Sundance 2017 Review: Sidney Hall is A Mystery that Should’ve Remained One.
Sidney Hall is the latest film from writer/director Shawn Christensen. The film tells the story of a teenager named Sidney Hall played by Logan Lerman with dreams of becoming a well-known author. Instead of following the standard narrative setup, the script which is written by Christensen and Jason Dolan focuses on three different stages of Hall’s life. The film begins with Hall as a teenager but then crisscrosses between his teenage life, his 20s, and his 30s.
Director Shawn Christensen won an Academy Award for his short film Curfew. His feature-length debut, Before I Disappear was a solid film with a great cast and story that kept me invested from beginning to end. His latest film Sidney Hall just premiered at the 2017 Sundance Film Festival, and I was hoping that Christensen’s sophomore project would deliver a great story along with powerful performances from his all-star cast that includes Logan Lerman, Michelle Monaghan, Elle Fanning, and many others.
Sidney Hall isn’t just a bad film; it’s an awful one. I typically try to find something to cling onto when I know I am watching a film that filmmakers have spent years upon years trying to bring to life. The harsh reality is that I have almost nothing positive to say about Sidney Hall. It is one of the messiest films that I have ever seen and the way that the story is told adds nothing to the storytelling.
Just like the film, I am sure my review will be all over the place. I have so many issues that I don’t even know if I can touch upon all of them in this review. The film opens with Sidney reading an essay about masturbation to his high-school English class. The film then jumps to the future where we see Sidney as a published author being interviewed on television. After this, the film goes back to high school, where the audience is introduced to Brett Newport (Blake Jenner). Brett is a jock who bullies the nerds and outcasts. Brett, for some unknown reason, befriends Sidney and they drive to a remote location to dig up a box that he buried in the middle of nowhere years ago. As all this is going on, Sidney falls in love with a girl named Melody (Elle Fanning) who he already loves long before he even meets her.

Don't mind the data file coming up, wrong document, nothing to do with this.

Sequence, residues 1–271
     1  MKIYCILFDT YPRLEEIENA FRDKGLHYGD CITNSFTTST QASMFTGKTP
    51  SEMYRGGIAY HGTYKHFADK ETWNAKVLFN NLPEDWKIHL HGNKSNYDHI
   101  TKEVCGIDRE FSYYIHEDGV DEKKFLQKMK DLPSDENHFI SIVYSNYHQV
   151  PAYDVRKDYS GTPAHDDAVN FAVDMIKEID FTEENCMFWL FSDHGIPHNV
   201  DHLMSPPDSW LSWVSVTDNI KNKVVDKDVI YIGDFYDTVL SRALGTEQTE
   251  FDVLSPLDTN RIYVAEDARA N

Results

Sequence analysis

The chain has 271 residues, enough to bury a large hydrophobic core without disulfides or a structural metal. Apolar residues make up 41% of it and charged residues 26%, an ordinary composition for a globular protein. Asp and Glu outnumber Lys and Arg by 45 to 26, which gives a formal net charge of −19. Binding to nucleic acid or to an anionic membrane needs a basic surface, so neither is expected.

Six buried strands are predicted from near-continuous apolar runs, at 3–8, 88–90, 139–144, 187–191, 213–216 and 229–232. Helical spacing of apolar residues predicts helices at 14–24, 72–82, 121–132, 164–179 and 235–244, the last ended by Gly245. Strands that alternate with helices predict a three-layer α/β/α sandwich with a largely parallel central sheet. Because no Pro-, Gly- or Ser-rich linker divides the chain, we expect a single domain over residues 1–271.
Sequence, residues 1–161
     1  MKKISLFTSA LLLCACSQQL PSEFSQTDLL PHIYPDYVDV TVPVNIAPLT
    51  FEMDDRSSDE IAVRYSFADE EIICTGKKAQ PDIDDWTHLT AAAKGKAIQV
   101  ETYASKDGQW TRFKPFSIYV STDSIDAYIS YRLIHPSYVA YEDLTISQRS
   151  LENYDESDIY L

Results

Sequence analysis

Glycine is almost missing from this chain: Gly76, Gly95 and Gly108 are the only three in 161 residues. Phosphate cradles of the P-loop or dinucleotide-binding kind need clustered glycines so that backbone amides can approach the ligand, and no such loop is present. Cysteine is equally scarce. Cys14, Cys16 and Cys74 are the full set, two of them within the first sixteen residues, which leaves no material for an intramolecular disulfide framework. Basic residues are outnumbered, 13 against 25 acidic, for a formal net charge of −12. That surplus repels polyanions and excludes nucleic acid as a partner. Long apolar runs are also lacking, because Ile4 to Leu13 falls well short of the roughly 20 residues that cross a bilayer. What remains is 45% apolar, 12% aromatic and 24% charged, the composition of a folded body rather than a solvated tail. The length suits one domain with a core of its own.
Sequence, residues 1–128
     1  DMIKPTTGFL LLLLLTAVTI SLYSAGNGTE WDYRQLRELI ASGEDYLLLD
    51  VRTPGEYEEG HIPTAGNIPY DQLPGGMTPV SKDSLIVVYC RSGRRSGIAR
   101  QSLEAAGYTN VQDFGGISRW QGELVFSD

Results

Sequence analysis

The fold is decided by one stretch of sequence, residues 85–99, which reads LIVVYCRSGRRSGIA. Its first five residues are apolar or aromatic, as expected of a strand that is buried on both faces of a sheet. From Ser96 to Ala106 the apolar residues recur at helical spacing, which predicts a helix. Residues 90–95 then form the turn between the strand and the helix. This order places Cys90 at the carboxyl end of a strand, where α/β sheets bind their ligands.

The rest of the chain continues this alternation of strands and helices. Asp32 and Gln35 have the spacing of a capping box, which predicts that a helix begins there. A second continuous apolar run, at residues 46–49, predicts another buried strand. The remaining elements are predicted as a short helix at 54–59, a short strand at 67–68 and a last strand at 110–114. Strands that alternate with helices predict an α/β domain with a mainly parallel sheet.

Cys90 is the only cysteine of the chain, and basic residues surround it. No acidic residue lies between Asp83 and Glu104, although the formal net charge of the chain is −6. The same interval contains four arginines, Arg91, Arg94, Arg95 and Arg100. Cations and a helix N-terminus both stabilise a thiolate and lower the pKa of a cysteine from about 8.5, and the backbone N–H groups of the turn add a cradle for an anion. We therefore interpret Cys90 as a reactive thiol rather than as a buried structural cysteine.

The issues throughout Sidney Hall all lie within the script. The cast doesn’t know what to do with the material, and that is apparent on-screen. Lerman tries to make it work, but he just can’t do it. His character Sidney is this dull and arrogant person that I couldn’t give two shits about. The mystery that the film tries to create about his life as we see him transition from his sarcastic teenager to a drifter isn’t exciting to watch at all. The script wants to believe that it is telling this profound tale of Sidney’s life and how various people have impacted his past and future.
Sidney Hall deals with so many depressing subject matters, yet none of them do anything to make the audience care. Child abuse, rape, cheating, death, and divorce are all subjects touched upon in this film. You would think with so many emotional issues that at least one of them would spark some sort of emotional reaction but alas none of them do. In fact, the way these topics are handled is completely baffling. I don’t want to spoil anything, but I have to bring up how stupid this film is. There is a reveal that one of the film’s characters have been abused by a family member. It is later revealed that the same exact character videotaped his father raping an underage girl when he was a little kid. Does anyone else see a problem with this? Let me also point out that the child abuse has been going on for the character’s entire life and that the person attended a public school. I guess all the teachers and counselors are completely oblivious to what is going on in the classroom and with their students.